Accused of concealing bad financial news, Aetna was hit with a class-action shareholder lawsuit late last week, while one of its former executives simultaneously was hired by Oxford Health Plans to help that managed-care firm out of its quagmire.
Shareholders filed their class-action lawsuit against Hartford, Conn.-based Aetna on Nov. 6 in U.S. District Court in Philadelphia. It accused the company of failing to disclose the ill financial effects of its $8.9 billion acquisition of U.S. Healthcare, based in Blue Bell, Pa., last year.
A day earlier, Aetna reported a 3.8% drop in earnings to $117.8 million, or 78 cents per share, for the third quarter ended Sept 30, from $122.4 million, or 84 cents per share, in the year-ago quarter.
Taking a $103 million charge for claims reserves, Aetna U.S. Healthcare's earnings for the third quarter plunged 96% to $3.7 million from $93.5 million in the year-ago quarter. Revenues grew 12.5% to $3.1 billion from $2.8 billion.
Aetna did not return phone calls seeking comment.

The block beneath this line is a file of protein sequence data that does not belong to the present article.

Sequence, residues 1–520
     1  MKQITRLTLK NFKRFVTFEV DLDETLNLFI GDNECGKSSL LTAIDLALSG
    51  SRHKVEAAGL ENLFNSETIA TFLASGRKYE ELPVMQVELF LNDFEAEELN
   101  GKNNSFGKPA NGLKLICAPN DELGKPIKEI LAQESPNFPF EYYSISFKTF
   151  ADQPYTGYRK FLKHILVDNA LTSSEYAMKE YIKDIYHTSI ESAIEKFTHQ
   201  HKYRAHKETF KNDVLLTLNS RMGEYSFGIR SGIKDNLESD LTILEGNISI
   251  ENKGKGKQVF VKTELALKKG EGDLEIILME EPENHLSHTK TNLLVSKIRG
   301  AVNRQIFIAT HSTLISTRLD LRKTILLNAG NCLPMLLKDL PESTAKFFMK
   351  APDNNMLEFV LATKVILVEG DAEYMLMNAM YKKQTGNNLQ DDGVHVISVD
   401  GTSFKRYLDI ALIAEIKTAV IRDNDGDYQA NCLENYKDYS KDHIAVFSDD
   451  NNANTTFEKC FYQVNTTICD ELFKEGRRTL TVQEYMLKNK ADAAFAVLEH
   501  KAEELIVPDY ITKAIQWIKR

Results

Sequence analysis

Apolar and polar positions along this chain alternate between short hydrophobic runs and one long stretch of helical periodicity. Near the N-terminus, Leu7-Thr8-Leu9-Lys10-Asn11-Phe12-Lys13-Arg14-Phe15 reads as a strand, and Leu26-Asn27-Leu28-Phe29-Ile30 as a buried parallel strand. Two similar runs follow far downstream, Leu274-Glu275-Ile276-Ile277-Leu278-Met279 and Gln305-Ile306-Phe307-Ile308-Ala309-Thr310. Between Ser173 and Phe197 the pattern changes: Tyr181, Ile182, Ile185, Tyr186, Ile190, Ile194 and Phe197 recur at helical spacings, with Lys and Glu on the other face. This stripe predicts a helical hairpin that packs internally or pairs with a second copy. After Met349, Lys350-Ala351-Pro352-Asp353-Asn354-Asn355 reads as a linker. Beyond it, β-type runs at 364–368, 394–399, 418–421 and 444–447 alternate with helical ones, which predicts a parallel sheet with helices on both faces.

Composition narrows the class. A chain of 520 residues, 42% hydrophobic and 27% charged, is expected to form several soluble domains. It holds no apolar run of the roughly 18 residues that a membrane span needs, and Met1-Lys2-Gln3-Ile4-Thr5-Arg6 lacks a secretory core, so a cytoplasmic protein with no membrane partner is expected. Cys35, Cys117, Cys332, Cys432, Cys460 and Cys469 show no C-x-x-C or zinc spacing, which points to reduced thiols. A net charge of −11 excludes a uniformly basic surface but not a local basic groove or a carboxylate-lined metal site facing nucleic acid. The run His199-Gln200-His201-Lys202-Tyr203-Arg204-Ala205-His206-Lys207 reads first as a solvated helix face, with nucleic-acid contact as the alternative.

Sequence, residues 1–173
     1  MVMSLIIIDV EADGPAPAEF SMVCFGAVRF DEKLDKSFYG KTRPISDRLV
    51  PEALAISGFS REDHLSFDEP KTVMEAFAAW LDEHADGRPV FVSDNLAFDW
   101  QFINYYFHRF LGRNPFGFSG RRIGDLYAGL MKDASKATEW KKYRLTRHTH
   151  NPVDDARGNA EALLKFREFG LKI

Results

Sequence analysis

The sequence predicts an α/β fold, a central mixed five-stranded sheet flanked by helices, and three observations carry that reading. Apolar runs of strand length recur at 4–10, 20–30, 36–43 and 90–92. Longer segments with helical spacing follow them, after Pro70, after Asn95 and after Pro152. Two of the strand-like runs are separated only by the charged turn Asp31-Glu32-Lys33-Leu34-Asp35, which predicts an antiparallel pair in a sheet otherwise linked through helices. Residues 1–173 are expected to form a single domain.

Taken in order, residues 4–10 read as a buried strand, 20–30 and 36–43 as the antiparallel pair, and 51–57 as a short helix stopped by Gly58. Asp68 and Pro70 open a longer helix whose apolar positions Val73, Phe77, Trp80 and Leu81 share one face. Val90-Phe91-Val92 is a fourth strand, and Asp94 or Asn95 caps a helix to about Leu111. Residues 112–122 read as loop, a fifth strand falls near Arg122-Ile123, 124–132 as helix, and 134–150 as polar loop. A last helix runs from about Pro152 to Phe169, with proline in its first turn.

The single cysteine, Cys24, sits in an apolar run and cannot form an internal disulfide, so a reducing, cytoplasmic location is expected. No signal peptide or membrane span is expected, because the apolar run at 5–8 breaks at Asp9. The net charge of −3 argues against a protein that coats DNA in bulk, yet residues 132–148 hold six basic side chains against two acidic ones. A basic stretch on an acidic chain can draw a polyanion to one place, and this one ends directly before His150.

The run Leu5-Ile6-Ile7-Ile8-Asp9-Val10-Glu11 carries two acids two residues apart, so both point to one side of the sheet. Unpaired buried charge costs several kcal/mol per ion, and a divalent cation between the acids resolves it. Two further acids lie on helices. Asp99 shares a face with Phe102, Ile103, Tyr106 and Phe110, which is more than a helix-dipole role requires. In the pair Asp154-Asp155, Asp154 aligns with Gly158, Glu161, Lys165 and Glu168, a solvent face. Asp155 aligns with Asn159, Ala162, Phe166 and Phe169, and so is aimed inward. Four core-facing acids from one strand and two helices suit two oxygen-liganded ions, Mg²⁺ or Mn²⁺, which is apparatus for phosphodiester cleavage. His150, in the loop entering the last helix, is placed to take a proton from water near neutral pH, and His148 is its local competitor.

Meanwhile, Oxford, the troubled Norwalk, Conn.-based managed-care company, said on Nov. 6 that it hired Kevin Hickey, a former Aetna health insurance executive, as executive vice president.
Hickey, former president of Health Plans of America and senior vice president of operations at Aetna Managed Health Plans, will focus on improving Oxford's operations.
Oxford itself is facing a number of shareholder lawsuits in the wake of reporting surprisingly large third-quarter losses. They totaled $78.2 million and led to the departure of the company's chief financial officer (See story, p. 60).
In addition to hiring Hickey, Oxford also launched a review of its finance operations to identify needed management and system improvements. Its auditors, KPMG Peat Marwick, will assist in the effort.
The shareholder lawsuits against Oxford also accuse the company of making false and misleading statements or failing to disclose material facts about the company's financial condition and operations.
On reports that Oxford executives knew of the troubles and sold shares before the company's recent plunge in the stock market, New York Attorney General Dennis Vacco issued a subpoena last week seeking records to determine what executives knew of the company's financial difficulties.